where the pulling force, F, is equivalent to the adhesion force, the hair length l = 1 cm, the hair diameter, d (individually and precisely determined using optical microscopy), and the angle α between the hair and water surface at the touching point immediately before snap-off, as extracted from the images shown in Figure 4. For the evaluation, the assumption of homogeneous and isotropic elastic properties was made. The resulting data are also shown in Table 1. For each type of hair coating (natural, PDMS- or Teflon-coated ends), the Young’s modulus was the same within the accuracy of the measurement. Its average value was E = (3.04 ± 0.11 ± 0.22) × 105 N/cm2, with the statistical and systematic errors follow the data, respectively. The relative humidity during the measurements was roughly RH = 50% and the temperature was 22 °C.
Literature values citing Young’s modulus of human head hair are scarce. For example, in  a value of 3.89 × 105 N/cm2 (RH = 60%) was indicated. In , a range between 1.5 and 4.6 × 105 N/cm2 (RH = 65%) was indicated for 2–92 year-old humans, and in  a range of 1.23–4.10 × 105 N/cm2 (RH = 30%) was given for 15–35 year-old humans. Thus, our results (3.04 × 105 N/cm2, RH = 50%, hairs from a 29 year-old human) are in good agreement with these literature values, indicating that CAT yields reliable results.
A proof of the validity of the CAT method is given by examining a calibrated atomic force microscopy (AFM) cantilever. The cantilever was studied under the same conditions as the human head hairs (i.e., the chip on which the cantilever was attached was approximately horizontally fixed (11°) in the tweezers, see Figure 5). 15 independent measurements of the same calibrated cantilever were performed using the CAT, resulting in an average value for the water adhesion force of the cantilever tip of (11.8 ± 0.4 ± 0.3) µN and a spring constant of (0.195 ± 0.002 ± 0.011) N/m. This is in agreement with the spring constant of 0.18 N/m given by the manufacturer, which confirms the reliability of our method.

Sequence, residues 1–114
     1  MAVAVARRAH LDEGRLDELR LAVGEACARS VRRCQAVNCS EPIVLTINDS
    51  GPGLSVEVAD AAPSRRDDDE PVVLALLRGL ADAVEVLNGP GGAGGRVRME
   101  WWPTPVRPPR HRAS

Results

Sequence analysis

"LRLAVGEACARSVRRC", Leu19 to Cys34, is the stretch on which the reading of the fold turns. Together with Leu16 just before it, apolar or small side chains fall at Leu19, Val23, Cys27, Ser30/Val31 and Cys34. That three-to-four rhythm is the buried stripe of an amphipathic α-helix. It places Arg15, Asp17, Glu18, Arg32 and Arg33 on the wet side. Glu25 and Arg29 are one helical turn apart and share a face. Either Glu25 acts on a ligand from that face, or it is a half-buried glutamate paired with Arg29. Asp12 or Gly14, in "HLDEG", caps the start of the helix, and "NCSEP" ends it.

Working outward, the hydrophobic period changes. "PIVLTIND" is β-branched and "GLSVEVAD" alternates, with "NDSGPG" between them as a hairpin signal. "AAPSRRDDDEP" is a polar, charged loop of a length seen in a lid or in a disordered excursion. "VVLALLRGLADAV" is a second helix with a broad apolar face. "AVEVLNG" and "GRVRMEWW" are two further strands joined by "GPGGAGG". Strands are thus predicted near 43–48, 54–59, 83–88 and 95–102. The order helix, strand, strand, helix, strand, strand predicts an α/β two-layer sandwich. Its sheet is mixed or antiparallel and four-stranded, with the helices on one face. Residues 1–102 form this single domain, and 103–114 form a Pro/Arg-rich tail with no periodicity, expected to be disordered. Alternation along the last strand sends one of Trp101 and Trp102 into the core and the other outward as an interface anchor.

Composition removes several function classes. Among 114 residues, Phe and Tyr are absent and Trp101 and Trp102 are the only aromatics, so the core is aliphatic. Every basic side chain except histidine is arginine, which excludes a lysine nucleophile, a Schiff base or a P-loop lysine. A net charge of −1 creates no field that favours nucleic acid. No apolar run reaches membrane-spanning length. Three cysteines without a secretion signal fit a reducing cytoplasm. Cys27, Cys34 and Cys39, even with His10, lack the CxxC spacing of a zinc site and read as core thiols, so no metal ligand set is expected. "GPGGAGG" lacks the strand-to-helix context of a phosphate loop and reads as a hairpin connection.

To conclude, a versatile, novel technique was presented, which determines both the adhesion force of individual small mechanical entities to a liquid in addition to their elastic properties, both with remarkable sensitivity mostly limited by optical resolution limits. Using this method, the water adhesion force and the elastic spring constant of the tips of Salvinia molesta trichomes were determined as Fadhesion = (19.5 ± 0.3 ± 0.4) µN and D = (2.1 ± 0.2 ± 0.2) N/m, respectively, where the data is followed by the associated statistical and systematic error. As water adhesion and elasticity are key factors in order for Salvinia molesta leaves to maintain a persistent air layer under water, the resulting values can now be used as a basis for developing artificial air-retaining surfaces for technical applications based on a biomimetic approach. An example which further demonstrates the potential of this method was the investigation of the water adhesion force of natural and coated human head hairs, which is of high relevance for hair cosmetics, and the measurement of Young’s modulus of the hairs. The latter was determined to be 3.0 × 105 N/cm2, which is in good agreement with values from literature. Finally, further proof of the validity of the capillary adhesion technique (CAT) was given by the measurement of the elastic force constant of 0.195 N/m for a calibrated atomic force microscopy cantilever.